Unfortunately, Lulu partnered with Author Solutions, a predatory vanity press, to provide pre-publishing packages (do-it-for-you formatting and design). They also push expensive and largely non-effective marketing services. I recommend avoiding Lulu's do-it-for-you services until they find another solution.
StreetLib is a DIY eBook and print book creation with a robust distribution service based in Italy and the USA. Distribution reaches into online stores in Germany, Austria and Switzerland, Turkey, and Latin America, too. It's free to use and when you sell a book they keep 7%-10% of the cover price.
Their print book service is new and offers paperback only. StreetLib services include a la carte formatting, editing, cover design, plus EPUB correction and validation. So StreetLib can handle all your needs but in a more DIY manner.
[If you want to build your own team, use the StreetLib Market where you can find professional editors, book cover designers, and marketing pros, (or sign up as one).]
You can compose or simply paste your book text into StreetLib's free cloud-based book creation tool, where you can format comics, cookbooks, and poetry. When you're done, export to EPUB, MOBI, fixed layout, and PDF for print and upload it to their distribution system.
Playing with their printing cost and royalty calculator, I couldn't get a favorable profit margin on my 280-page 6x9 book at $14.95 retail. (My profit would be only $1.64 per book at Amazon.) So I'm still recommending StreetLib for ebook only and suggesting print distribution elsewhere. (I like IngramSpark in combination with Amazon CreateSpace. See this post.)
As an author on StreetLib, you can claim your own book page, edit the content, and earn 15% of sales revenues. You can add other books from their extensive catalog to sell for a 15% commission. This is a great way to offer a curated bookstore on your website to make additional income.
Embed their sales widget on your website so you can ask your fans to purchase directly from Streetlib at a higher profit.
StreetLib offers book translation services via a partnership with Babelcube. Babelcube does not charge for translation but takes a percentage of your translated book’s sales revenue.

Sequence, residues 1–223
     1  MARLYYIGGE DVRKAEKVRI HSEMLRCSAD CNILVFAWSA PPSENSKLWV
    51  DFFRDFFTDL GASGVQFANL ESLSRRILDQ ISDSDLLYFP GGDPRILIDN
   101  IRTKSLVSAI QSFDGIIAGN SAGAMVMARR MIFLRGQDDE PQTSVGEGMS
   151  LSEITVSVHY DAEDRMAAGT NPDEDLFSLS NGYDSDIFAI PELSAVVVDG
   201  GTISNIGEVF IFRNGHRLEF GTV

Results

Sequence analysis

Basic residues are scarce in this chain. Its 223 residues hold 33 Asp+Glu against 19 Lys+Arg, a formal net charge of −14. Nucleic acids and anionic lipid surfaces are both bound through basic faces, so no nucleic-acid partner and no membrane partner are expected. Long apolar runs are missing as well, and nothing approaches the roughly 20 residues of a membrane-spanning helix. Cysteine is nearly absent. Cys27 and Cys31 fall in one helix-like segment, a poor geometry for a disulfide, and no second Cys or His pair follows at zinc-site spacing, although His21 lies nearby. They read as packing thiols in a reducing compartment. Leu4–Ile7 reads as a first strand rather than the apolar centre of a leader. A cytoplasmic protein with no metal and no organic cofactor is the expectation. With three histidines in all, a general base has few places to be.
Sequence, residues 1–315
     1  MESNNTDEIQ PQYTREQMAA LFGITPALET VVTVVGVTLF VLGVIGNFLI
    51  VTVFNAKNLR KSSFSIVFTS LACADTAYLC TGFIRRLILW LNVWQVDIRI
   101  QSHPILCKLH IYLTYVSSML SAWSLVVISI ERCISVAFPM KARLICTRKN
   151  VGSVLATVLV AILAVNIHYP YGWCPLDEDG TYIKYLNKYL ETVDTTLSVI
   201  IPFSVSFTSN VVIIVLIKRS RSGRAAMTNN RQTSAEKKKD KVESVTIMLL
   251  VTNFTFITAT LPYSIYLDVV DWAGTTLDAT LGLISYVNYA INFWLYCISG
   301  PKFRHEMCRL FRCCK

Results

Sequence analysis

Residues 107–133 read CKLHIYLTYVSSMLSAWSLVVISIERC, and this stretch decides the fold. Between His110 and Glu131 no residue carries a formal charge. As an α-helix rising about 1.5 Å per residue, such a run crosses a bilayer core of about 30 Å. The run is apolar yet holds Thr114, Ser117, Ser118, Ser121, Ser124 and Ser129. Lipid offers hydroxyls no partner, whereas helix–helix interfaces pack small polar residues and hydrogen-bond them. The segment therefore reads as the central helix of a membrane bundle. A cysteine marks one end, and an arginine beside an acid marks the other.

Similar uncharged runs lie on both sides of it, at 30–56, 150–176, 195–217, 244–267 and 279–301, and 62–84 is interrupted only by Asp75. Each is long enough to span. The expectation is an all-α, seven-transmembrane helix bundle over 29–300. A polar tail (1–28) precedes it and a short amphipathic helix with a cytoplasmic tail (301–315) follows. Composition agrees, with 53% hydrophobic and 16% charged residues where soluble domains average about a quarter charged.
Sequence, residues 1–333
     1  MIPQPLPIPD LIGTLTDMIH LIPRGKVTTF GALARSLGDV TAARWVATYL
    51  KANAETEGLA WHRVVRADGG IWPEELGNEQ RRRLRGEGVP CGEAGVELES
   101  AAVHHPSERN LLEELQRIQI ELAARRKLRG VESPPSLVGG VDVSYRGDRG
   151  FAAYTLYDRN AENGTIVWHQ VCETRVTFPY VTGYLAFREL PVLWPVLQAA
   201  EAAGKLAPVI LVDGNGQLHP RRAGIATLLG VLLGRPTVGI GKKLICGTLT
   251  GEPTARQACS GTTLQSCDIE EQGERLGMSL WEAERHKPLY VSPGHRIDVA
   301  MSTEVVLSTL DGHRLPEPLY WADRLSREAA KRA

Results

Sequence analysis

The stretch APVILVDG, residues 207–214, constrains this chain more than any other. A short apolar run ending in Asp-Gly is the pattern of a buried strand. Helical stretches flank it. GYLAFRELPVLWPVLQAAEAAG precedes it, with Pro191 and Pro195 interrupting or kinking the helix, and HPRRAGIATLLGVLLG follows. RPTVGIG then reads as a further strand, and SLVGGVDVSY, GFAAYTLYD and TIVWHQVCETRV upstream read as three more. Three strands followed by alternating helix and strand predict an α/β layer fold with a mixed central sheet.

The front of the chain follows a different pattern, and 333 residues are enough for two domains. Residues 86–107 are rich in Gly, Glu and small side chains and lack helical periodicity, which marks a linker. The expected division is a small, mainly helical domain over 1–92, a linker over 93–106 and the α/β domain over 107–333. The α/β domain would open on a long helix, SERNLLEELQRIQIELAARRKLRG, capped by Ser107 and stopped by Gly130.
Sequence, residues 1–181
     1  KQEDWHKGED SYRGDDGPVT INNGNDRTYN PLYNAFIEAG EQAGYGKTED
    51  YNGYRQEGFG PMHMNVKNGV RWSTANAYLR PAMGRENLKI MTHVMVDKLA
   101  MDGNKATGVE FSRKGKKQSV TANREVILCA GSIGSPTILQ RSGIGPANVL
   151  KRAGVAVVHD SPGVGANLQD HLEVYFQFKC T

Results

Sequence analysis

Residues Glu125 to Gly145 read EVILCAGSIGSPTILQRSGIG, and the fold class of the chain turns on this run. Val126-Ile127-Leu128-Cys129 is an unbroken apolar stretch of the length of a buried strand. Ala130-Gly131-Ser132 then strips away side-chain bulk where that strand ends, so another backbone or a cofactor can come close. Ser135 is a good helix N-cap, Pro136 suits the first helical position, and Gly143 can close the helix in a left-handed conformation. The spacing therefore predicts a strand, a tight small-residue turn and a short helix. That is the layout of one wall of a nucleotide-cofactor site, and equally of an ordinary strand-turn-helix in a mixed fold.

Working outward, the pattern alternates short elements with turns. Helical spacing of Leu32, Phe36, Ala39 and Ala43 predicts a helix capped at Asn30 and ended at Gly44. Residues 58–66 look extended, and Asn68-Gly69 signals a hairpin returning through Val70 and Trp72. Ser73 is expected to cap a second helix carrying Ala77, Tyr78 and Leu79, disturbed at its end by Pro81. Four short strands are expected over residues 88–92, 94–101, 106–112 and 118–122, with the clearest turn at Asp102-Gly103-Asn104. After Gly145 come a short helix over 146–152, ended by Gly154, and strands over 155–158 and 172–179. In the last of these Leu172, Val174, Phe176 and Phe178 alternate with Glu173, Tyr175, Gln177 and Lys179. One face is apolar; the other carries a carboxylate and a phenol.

They have also partnered with Perlego, a subscription service that gives readers access to over 90,000 professional and academic books. You get paid depending on the number of pages read based on 55% of the membership revenues. (Streetlib keeps 65%.)
Last year, StreetLib became Bowker USA's book publishing partner. So when you purchase ISBNs you'll see an ad for StreetLib on the site.
Which One Stop Shop Is For You?
So, which one to choose? All of these services get your book to customers by distributing to both the print book and eBook retailers.
Eliminating Lulu / Author Solutions, you're left with four solutions.
Keep Blurb in mind for marketing materials, small runs of promotional books, and design tests to give to your designer.
So that leaves three serious contenders for centralized book creation and distribution:
If you're comfortable with using DIY tools inside a service or you're on a budget, consider StreetLib. Self-publishers sell eBooks at a far greater rate than print, so I wouldn't worry too much about their print book pricing. (You could always go direct to Amazon CreateSpace, too.) If you want your book translated, this is a no-brainer. (Though you can translate directly with Babelcube.) Ditto if you're an academic or professional book author.
BookBaby or Gatekeeper Press
If you don't want to do anything but throw your manuscript to somebody and make it come out looking good, consider BookBaby or Gatekeeper Press. They both offer the total one stop shop solution: editing, formatting, design, and distribution for an upfront cost, and they provide a la carte services, too.
Differences? Big company vs small company. Also, printing. BookBaby's standard printing is of high quality with higher printing prices that reflect those costs. You can also pay for higher-quality paper at Gatekeeper Press.
Pricing is similar. Check out both of them to see which one you prefer.
Who Will You Choose?
Have I got you covered? Which service will you choose? Do you know of another company that should be included in this list? I'd love to know in the comments below.